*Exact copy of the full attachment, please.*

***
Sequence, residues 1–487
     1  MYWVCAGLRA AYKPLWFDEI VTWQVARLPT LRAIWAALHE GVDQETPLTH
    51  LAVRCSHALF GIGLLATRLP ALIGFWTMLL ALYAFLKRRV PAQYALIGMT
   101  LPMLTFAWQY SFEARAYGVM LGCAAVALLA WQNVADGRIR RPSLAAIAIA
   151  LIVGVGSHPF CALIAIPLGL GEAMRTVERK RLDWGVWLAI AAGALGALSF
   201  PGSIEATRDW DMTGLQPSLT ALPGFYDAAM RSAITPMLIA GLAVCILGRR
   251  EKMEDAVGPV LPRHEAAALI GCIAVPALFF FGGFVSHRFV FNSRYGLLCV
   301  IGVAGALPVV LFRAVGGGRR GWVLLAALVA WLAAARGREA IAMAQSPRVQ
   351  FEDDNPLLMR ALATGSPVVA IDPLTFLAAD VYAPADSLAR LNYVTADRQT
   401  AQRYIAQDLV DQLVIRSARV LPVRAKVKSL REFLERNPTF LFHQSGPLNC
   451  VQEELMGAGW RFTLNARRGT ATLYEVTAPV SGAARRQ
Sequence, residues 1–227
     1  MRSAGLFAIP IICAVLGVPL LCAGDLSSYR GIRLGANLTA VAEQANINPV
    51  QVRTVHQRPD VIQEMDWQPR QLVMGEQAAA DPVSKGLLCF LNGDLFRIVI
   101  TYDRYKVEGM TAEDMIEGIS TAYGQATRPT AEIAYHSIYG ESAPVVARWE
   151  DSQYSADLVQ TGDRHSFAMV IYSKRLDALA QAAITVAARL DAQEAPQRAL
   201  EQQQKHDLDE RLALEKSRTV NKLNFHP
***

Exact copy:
Sequence, residues 1–487
     1  MYWVCAGLRA AYKPLWFDEI VTWQVARLPT LRAIWAALHE GVDQETPLTH
    51  LAVRCSHALF GIGLLATRLP ALIGFWTMLL ALYAFLKRRV PAQYALIGMT
   101  LPMLTFAWQY SFEARAYGVM LGCAAVALLA WQNVADGRIR RPSLAAIAIA
   151  LIVGVGSHPF CALIAIPLGL GEAMRTVERK RLDWGVWLAI AAGALGALSF
   201  PGSIEATRDW DMTGLQPSLT ALPGFYDAAM RSAITPMLIA GLAVCILGRR
   251  EKMEDAVGPV LPRHEAAALI GCIAVPALFF FGGFVSHRFV FNSRYGLLCV
   301  IGVAGALPVV LFRAVGGGRR GWVLLAALVA WLAAARGREA IAMAQSPRVQ
   351  FEDDNPLLMR ALATGSPVVA IDPLTFLAAD VYAPADSLAR LNYVTADRQT
   401  AQRYIAQDLV DQLVIRSARV LPVRAKVKSL REFLERNPTF LFHQSGPLNC
   451  VQEELMGAGW RFTLNARRGT ATLYEVTAPV SGAARRQ
Sequence, residues 1–227
     1  MRSAGLFAIP IICAVLGVPL LCAGDLSSYR GIRLGANLTA VAEQANINPV
    51  QVRTVHQRPD VIQEMDWQPR QLVMGEQAAA DPVSKGLLCF LNGDLFRIVI
   101  TYDRYKVEGM TAEDMIEGIS TAYGQATRPT AEIAYHSIYG ESAPVVARWE
   151  DSQYSADLVQ TGDRHSFAMV IYSKRLDALA QAAITVAARL DAQEAPQRAL
   201  EQQQKHDLDE RLALEKSRTV NKLNFHP